JPMorgan must pay $18million in trust mismanagement case
(Reuters) - JPMorgan Chase & Co (JPM.N) must pay more than $18 million to a trust in a suit stemming from its improper recommendation of a type of complex security that was unsuitable for the trust and benefited the bank, a U.S. state court judge has ruled.
The bank engaged in misconduct and breached its duties of care to the trust in recommending so-called "variable prepaid forward contracts," wrote Judge Linda Morrissey of the District Court for Tulsa County, Oklahoma, in an opinion late Tuesday. That caused financial harm to the trust beneficiaries.
JP Morgan and the trust entered into numerous variable prepaid forward contracts between 2000 and 2005. A court, in 2007, ordered the transfer of the trust's assets to another bank. The investment contracts between the trust and JP Morgan, by that time, had been settled.
The court, in an unusual move, also ordered JPMorgan to pay punitive damages, to be determined at a later date, along with the trust's legal fees.
Investors who buy variable prepaid forward contracts typically agree to give a certain number of stock shares to the brokerage at a future date but receive a significant percentage of the value of those shares at the time of the agreement. While the arrangements can have tax benefits and help insulate investors from certain losses, they can also involve hefty fees.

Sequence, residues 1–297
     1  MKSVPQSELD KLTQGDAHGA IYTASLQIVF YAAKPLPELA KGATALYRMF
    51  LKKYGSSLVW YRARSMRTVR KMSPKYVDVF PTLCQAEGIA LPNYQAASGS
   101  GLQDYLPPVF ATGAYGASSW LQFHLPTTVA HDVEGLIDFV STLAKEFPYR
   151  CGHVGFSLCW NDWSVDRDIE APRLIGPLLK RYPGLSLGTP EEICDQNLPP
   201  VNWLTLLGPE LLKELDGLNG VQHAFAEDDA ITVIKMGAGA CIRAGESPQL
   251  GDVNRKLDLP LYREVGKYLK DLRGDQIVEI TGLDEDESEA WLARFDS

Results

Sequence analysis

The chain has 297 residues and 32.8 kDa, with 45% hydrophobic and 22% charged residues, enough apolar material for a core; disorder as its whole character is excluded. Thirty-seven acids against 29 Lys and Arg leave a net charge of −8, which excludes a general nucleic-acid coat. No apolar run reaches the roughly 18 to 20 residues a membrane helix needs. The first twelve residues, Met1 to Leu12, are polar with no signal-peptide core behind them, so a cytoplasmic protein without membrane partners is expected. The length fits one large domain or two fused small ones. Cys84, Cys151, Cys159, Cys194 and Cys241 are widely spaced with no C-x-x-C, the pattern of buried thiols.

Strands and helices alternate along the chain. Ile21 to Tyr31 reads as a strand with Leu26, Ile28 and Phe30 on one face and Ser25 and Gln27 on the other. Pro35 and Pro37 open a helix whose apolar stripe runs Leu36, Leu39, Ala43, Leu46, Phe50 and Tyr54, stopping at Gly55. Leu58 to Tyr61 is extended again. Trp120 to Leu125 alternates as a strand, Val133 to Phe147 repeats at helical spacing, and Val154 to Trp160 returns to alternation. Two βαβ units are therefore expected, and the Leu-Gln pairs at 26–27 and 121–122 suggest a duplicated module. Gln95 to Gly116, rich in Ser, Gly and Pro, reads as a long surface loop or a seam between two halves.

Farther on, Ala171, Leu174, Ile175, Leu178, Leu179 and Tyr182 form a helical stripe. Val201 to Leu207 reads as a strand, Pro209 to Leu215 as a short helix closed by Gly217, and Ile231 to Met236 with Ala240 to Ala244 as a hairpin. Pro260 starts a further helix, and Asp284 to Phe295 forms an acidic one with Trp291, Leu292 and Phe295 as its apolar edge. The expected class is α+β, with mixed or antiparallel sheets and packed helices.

The 32-page court decision illustrates the extent to which certain investment fees and conflicts of interest can damage a portfolio. JPMorgan, for example, breached its fiduciary duty to the trust - which required the bank to act in the trust's best interests - by investing proceeds from the contracts in its own investment products. It then charged investment fees for those transactions in addition to corporate trustee fees, Judge Morrissey wrote. That "amounted to double dipping that was inherently unreasonable," she wrote.
Punitive damages against JPMorgan are appropriate in the case because the bank "has been guilty of reckless disregard for the rights of others," the judge wrote.
A JPMorgan spokesman declined to immediately comment.
(Reporting By Suzanne Barlyn; Editing by Alden Bentley)